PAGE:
Jane & Charlotte

I love the way Charlotte BrontΓ« saw Jane Austen’s Pride and Prejudice like this: “a carefully fenced, highly cultivated garden, with neat borders and delicate flowers; but … no open country, no fresh air, no blue hill, no bonny beck.” It says so much about both of them. I’m reading Pride and Prejudice again for the umpteenth time and noticing the absolute cruelty of Jane at times, but of course also the absolute genius.

As a seventeen year old girl I wrote some sort of fiction piece and gave it to my friend who was also an aspiring writer. I remember clearly his reaction to what I had wrote. It is one of those painful sort of things – on the one hand so seemingly mild and on the other hand as destructive as a forest fire. His reply to what I had wrote was ever so slightly derisive, ever so slightly mocking. He told me that it sounded just like Jane Austen, like I was writing in the 18th century or something.

At the time I felt completely destroyed and embarrassed and ashamed and a whole plethora of overblown reactions – as though the fact that I sounded like someone else was somehow disgraceful and the fact that there we were in 1997 sat in the depths of Blackburn, Lancashire and here I was sounding like a posh Englishwoman from another century – it was too much to bear and actually halted me in my writing efforts for quite some time, or at least kept me hiding from open view.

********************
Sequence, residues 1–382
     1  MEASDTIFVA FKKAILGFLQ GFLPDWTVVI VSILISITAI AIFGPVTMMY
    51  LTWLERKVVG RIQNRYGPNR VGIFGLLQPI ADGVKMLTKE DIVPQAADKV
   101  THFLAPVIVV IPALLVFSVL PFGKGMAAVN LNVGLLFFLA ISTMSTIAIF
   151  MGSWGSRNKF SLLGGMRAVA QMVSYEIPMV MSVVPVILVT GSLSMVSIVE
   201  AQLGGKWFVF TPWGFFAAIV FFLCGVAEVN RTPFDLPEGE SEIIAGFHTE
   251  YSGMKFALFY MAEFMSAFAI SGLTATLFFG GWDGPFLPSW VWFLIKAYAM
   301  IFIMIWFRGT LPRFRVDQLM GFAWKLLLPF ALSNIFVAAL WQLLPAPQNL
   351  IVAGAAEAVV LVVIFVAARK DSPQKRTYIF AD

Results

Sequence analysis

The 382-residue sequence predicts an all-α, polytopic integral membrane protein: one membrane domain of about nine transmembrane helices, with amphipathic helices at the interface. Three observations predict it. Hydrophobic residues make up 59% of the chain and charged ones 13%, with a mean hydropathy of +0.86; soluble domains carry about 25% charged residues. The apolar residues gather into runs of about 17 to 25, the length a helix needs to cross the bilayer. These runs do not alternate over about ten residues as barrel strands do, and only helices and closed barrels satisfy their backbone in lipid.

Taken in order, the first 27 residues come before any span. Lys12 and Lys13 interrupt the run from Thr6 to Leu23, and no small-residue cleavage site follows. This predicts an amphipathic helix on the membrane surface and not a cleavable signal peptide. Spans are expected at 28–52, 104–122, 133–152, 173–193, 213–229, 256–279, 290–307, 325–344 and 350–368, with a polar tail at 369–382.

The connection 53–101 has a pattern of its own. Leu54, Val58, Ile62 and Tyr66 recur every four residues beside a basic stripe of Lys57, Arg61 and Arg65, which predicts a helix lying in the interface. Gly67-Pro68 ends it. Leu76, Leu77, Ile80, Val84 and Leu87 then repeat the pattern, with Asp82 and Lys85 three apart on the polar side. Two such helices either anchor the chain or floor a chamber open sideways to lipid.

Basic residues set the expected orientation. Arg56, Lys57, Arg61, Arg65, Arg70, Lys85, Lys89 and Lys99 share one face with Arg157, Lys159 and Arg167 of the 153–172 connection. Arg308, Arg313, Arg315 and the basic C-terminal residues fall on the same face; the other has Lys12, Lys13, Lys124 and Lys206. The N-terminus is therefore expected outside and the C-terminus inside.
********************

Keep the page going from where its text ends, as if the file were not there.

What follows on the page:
However now I look back in hindsight I can see that although it was said to unsettle, I can see exactly how I had sounded like someone else – of course I did. I read Jane Austen voraciously, because I enjoyed her but what that also meant, without me even knowing,Β  it is that I was learning from the best.

I think it was Neil Gaiman who said that at the beginning as a writer it is inevitable – and actually preferable – for imitation to take place. Of course it does, and it’s not a bad thing. Here I am all those years later, still reading Jane Austen and probably still imitating her to some slighter degree. But that’s alright, thankfully I can do that now without all those old fears.

believed to be Jane, from www.guardian.com
believed to be Jane, from http://www.guardian.com

Encounter with Neil Gaiman

My American friend and I went to see Neil Gaiman today at the Edinburgh Book Festival.

I decided I wanted to get a new copy of Neil’s book ‘FORTUNATELY, THE MILK’ and get it signed for my 2 year old god-daughter who will be able to enjoy it in a few years time. Neil seemed like a nice person.

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